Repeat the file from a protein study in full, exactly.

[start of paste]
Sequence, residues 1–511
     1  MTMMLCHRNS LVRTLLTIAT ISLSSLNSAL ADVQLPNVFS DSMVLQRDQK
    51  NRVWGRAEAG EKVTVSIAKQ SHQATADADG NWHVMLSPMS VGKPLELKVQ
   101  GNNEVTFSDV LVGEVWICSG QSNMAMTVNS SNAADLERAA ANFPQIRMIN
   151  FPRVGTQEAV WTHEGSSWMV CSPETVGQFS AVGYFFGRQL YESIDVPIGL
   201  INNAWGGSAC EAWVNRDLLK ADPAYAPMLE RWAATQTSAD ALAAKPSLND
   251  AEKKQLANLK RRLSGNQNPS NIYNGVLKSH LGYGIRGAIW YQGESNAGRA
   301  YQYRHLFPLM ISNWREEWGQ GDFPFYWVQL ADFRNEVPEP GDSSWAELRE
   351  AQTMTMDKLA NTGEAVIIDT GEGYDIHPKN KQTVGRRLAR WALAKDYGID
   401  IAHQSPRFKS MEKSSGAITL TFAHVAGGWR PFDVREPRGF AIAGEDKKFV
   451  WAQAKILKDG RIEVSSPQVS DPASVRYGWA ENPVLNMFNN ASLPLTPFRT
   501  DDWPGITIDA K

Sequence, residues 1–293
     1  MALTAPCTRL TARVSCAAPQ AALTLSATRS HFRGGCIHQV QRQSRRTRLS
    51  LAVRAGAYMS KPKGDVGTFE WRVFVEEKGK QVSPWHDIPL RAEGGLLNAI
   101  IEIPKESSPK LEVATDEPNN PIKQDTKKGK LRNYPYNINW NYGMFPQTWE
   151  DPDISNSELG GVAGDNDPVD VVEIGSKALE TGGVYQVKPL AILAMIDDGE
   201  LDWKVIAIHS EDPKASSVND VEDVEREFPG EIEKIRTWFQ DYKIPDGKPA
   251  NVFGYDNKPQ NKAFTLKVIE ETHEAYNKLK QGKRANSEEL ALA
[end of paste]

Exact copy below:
Sequence, residues 1–511
     1  MTMMLCHRNS LVRTLLTIAT ISLSSLNSAL ADVQLPNVFS DSMVLQRDQK
    51  NRVWGRAEAG EKVTVSIAKQ SHQATADADG NWHVMLSPMS VGKPLELKVQ
   101  GNNEVTFSDV LVGEVWICSG QSNMAMTVNS SNAADLERAA ANFPQIRMIN
   151  FPRVGTQEAV WTHEGSSWMV CSPETVGQFS AVGYFFGRQL YESIDVPIGL
   201  INNAWGGSAC EAWVNRDLLK ADPAYAPMLE RWAATQTSAD ALAAKPSLND
   251  AEKKQLANLK RRLSGNQNPS NIYNGVLKSH LGYGIRGAIW YQGESNAGRA
   301  YQYRHLFPLM ISNWREEWGQ GDFPFYWVQL ADFRNEVPEP GDSSWAELRE
   351  AQTMTMDKLA NTGEAVIIDT GEGYDIHPKN KQTVGRRLAR WALAKDYGID
   401  IAHQSPRFKS MEKSSGAITL TFAHVAGGWR PFDVREPRGF AIAGEDKKFV
   451  WAQAKILKDG RIEVSSPQVS DPASVRYGWA ENPVLNMFNN ASLPLTPFRT
   501  DDWPGITIDA K

Sequence, residues 1–293
     1  MALTAPCTRL TARVSCAAPQ AALTLSATRS HFRGGCIHQV QRQSRRTRLS
    51  LAVRAGAYMS KPKGDVGTFE WRVFVEEKGK QVSPWHDIPL RAEGGLLNAI
   101  IEIPKESSPK LEVATDEPNN PIKQDTKKGK LRNYPYNINW NYGMFPQTWE
   151  DPDISNSELG GVAGDNDPVD VVEIGSKALE TGGVYQVKPL AILAMIDDGE
   201  LDWKVIAIHS EDPKASSVND VEDVEREFPG EIEKIRTWFQ DYKIPDGKPA
   251  NVFGYDNKPQ NKAFTLKVIE ETHEAYNKLK QGKRANSEEL ALA